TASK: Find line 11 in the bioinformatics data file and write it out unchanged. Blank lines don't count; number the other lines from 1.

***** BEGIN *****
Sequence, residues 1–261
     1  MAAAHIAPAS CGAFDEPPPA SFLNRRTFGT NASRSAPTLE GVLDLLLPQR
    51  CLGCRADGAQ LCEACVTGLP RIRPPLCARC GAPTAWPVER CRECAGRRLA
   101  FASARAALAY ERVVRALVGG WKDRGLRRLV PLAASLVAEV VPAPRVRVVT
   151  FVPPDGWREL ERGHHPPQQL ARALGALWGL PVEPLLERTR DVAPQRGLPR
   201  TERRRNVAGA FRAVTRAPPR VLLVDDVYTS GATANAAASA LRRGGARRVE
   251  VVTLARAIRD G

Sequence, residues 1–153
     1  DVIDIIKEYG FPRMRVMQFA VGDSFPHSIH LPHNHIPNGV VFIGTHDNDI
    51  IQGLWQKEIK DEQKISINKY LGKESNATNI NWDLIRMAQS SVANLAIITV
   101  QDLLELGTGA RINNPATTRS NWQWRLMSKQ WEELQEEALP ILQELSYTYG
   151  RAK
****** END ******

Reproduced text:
   101  QDLLELGTGA RINNPATTRS NWQWRLMSKQ WEELQEEALP ILQELSYTYG